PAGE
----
Many people think that a cataract is some kind of growth or disease that gradually starts to steal your sight. The reality is that a cataract is simply the clouding of the lens that occurs usually as a person ages, but can happen at any stage during a person’s life. In some rare cases it can be as a result of a trauma to the eye. The lens of the eye is made up of tissue, and just as your skin wrinkles and your hair turns grey as you age, the iris can also “age”. When it ages it becomes hardened and cloudy and this can effect a person’s sight. Cataracts are serious in that they can hamper your vision, but they are not serious in the way that most illnesses or disease can be if left untreated.
Because cataracts are a result of the aging of the lens of the eye, it is usually older people who are affected by them. They are slow to grow and are usually present in both eyes if they are present at all. One will usually develop faster than the other. In many cases the sight in one eye is far better or worse than the sight in the other. They do develop faster too if a person undergoes a trauma to the eye such as a hard knock or fall that impacts on the eye. Research also suggests that various lifestyle factors such as diet, smoking, illness such as diabetes or the use of some medications may also result in faster developing cataracts or even the development of cataracts. It is extremely rare for cataracts to be present from birth, although this has been known in the past.
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Although cataracts are painless, they are frustrating because they affect your vision. Day to day activities such as reading, writing and driving can become difficult. Other changes in vision can occur aside from hazy vision. Dull colour sight is another symptom as is excessive light from the sun or even headlights of a car. Double vision can occur too. Wearing glasses can help with some of the sight problems to start with, but eventually as the development continues it may be appropriate to seek treatment to remove the cataracts altogether.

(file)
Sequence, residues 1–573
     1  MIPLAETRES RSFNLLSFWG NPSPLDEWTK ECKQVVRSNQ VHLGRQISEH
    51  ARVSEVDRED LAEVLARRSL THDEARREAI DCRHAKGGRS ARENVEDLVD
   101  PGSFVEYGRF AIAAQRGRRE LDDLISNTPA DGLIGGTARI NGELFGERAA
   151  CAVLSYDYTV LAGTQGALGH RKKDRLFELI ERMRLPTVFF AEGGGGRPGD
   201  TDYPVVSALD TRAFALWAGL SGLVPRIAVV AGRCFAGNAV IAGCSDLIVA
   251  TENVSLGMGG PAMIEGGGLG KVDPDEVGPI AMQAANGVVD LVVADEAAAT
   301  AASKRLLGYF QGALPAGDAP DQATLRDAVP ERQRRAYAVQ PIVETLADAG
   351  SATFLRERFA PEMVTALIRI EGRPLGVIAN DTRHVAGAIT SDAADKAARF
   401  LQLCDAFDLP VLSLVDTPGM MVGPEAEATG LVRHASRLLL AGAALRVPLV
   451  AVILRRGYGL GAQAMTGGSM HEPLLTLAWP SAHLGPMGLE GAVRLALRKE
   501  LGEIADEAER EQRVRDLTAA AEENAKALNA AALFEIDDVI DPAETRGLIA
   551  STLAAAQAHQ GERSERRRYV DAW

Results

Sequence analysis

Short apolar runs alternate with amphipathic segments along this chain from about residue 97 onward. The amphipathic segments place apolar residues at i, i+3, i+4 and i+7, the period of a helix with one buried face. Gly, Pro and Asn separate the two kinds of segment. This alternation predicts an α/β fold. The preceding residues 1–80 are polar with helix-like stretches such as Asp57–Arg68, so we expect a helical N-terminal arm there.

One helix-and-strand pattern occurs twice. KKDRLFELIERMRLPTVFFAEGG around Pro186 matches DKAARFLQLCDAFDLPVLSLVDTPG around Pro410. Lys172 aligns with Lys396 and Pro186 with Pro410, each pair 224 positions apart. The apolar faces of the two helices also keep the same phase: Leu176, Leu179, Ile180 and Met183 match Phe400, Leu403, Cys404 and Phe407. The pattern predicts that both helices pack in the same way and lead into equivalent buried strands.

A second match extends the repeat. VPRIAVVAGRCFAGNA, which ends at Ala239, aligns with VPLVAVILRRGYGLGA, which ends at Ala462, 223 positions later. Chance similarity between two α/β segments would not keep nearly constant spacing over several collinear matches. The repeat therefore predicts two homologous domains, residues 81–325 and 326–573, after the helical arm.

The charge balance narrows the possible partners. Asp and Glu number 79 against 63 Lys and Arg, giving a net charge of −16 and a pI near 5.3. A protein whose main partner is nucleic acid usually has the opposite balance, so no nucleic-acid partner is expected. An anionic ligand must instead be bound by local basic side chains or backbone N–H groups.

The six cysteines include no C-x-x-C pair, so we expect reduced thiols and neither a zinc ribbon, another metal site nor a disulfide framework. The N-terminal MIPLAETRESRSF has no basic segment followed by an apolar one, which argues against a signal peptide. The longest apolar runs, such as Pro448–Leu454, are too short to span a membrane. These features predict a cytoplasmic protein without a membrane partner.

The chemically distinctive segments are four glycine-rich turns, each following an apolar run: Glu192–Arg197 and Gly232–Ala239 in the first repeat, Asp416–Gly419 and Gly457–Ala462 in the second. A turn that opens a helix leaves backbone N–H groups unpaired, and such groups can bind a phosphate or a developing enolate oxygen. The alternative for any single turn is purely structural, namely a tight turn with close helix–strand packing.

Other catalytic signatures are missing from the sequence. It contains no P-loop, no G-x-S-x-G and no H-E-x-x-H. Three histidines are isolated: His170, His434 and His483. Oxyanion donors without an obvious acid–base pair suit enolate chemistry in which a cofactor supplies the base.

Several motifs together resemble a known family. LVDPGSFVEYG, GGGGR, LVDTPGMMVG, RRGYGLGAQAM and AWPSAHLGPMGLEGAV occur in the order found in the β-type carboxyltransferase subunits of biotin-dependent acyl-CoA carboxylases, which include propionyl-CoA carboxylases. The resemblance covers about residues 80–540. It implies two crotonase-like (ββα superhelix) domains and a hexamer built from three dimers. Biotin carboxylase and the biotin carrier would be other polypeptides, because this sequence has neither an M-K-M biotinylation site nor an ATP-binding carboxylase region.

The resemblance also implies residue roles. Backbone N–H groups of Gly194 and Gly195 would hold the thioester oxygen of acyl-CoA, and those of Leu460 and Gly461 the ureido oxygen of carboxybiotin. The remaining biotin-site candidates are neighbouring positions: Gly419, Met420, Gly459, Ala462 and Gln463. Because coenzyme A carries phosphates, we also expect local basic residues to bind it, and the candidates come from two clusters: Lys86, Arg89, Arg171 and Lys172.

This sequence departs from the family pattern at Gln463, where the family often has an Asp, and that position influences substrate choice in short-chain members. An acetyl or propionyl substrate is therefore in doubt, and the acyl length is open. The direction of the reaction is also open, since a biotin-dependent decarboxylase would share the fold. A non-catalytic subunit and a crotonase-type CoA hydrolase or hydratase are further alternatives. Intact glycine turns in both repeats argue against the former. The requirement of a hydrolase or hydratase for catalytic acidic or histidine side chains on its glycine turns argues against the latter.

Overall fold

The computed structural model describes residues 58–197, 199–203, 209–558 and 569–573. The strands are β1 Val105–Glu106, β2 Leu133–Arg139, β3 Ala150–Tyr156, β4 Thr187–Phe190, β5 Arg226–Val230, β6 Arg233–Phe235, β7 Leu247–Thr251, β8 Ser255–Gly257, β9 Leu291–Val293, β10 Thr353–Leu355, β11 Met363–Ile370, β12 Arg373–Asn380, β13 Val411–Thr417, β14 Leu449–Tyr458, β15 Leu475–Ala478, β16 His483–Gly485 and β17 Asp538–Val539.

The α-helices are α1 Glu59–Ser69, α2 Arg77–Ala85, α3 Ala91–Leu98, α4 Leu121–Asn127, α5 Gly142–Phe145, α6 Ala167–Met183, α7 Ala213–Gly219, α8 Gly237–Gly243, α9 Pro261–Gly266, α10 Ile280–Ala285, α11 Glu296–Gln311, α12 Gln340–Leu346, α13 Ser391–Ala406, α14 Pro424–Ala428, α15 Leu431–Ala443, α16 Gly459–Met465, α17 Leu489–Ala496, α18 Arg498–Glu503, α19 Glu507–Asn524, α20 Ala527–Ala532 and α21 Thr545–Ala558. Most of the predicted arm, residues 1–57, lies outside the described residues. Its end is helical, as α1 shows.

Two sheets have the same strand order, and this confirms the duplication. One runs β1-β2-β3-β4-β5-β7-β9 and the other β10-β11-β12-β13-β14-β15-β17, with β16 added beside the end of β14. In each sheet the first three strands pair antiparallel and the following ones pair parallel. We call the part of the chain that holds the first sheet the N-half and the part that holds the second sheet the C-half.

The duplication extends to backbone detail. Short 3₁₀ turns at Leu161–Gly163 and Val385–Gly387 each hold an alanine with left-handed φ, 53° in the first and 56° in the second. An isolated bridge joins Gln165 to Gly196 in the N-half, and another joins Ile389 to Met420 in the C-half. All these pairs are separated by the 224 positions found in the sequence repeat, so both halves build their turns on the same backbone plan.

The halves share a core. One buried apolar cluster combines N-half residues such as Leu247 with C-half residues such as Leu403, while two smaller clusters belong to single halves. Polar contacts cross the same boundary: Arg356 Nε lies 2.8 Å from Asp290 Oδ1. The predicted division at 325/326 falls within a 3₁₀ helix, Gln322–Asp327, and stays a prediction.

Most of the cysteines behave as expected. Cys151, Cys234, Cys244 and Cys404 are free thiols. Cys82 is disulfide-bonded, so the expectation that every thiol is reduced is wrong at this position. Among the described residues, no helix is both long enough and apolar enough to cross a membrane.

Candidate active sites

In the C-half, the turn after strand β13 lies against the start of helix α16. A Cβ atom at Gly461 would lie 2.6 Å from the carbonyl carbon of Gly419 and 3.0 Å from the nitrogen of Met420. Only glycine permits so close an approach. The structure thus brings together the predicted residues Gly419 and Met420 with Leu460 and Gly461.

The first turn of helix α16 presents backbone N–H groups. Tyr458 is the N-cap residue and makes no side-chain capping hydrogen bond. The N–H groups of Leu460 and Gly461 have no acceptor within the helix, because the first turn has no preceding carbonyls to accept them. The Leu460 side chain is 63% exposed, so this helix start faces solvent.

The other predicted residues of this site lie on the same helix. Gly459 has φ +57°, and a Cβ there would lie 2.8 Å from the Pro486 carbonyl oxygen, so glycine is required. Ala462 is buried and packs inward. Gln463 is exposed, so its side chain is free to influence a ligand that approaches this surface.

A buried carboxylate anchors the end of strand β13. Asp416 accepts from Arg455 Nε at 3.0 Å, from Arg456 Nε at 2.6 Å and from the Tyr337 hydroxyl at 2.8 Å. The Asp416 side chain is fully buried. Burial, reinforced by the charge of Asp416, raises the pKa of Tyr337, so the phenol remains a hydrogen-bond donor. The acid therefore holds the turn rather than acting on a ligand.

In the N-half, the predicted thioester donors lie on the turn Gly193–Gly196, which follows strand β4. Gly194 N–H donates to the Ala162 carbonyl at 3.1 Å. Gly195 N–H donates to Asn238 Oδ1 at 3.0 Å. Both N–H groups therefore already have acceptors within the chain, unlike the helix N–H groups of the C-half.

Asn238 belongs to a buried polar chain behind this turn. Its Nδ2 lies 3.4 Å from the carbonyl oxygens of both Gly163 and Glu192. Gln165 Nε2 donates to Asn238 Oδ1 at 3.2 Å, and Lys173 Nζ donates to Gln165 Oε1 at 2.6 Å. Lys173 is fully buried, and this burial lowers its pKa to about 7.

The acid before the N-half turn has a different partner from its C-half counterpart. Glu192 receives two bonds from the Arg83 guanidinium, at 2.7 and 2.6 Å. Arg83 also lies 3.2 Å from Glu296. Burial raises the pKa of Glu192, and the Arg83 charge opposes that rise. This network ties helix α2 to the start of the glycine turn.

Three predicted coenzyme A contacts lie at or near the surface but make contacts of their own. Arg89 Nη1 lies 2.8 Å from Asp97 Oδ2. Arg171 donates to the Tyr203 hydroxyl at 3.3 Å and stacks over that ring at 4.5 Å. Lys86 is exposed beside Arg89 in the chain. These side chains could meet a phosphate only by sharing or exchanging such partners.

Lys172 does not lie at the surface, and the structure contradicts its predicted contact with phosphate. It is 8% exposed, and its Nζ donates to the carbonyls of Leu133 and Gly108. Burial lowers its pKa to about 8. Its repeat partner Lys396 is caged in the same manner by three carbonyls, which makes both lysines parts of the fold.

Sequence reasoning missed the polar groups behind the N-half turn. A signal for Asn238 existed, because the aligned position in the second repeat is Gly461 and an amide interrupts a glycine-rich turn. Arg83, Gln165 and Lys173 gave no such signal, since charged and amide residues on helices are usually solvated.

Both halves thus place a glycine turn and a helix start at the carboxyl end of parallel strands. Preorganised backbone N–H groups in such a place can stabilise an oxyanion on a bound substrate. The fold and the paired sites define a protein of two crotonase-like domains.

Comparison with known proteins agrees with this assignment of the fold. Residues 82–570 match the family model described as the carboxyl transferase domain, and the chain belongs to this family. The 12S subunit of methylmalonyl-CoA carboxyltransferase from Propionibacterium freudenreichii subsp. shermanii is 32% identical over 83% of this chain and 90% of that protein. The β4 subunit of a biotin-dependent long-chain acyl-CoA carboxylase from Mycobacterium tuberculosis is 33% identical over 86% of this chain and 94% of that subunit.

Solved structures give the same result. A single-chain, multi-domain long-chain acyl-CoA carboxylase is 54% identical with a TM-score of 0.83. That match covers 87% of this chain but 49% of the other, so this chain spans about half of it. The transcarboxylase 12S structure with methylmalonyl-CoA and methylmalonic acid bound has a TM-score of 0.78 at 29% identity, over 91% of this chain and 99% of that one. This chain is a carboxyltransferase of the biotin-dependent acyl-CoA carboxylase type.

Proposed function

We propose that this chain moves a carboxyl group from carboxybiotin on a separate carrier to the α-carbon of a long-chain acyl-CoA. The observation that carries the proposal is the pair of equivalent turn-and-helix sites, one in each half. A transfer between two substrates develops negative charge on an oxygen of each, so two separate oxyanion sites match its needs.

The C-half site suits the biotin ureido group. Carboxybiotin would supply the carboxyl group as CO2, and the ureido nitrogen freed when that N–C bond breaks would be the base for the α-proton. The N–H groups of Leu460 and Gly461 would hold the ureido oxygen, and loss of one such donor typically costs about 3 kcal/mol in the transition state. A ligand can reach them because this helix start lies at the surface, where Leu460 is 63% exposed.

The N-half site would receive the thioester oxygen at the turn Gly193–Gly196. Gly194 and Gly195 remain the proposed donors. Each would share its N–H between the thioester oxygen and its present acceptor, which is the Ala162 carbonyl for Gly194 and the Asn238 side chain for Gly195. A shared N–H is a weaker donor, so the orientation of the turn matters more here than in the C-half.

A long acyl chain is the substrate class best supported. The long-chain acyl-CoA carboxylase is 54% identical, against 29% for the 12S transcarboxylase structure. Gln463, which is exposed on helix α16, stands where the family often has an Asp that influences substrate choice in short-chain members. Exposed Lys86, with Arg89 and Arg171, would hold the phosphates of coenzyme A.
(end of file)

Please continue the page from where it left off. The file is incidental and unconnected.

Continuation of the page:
The good news about cataracts is that they can be completely cured through laser eye surgery. During surgery the lens of the eye is removed and an artificial one is inserted in its place. The results are instantaneous and the patient’s sight returns to how it was before the first trace of a cataract was present.
When should you remove a cataract? This is common question asked in relation to this condition. There is no hard and fast answer to it. Some people may have cataracts that don’t look particularly troublesome but in fact seriously hamper their vision. Others may have cataracts that look advanced to an opthalmologist or optician but in fact their sight is barely affected. When the problems of the cataract begin to interfere with your everyday life, that is when you should think about have them removed. If reading a book becomes too difficult of you can’t read the newspaper, talk to your local doctor or optician to get the ball rolling.
If you have a cataract in one or both of your eyes then it may be a good idea to seek medical attention in order to discuss your options. Lasek surgery or refractive eye surgery are two options available that may or may not be required, depending on underlying eye conditions. If there is little problem with your sight then you may wish to wait before undergoing surgery, but this is down to personal choice. The first step is to talk to your local eye doctor or even GP to talk the possibilities through.
Kathryn Dawson writes articles for Immaculate about common eye surgeries in the UK such as cataract surgery and Lasek. Refractive eye surgery is also available for those who want to completely remove dependence on glasses or contact lenses.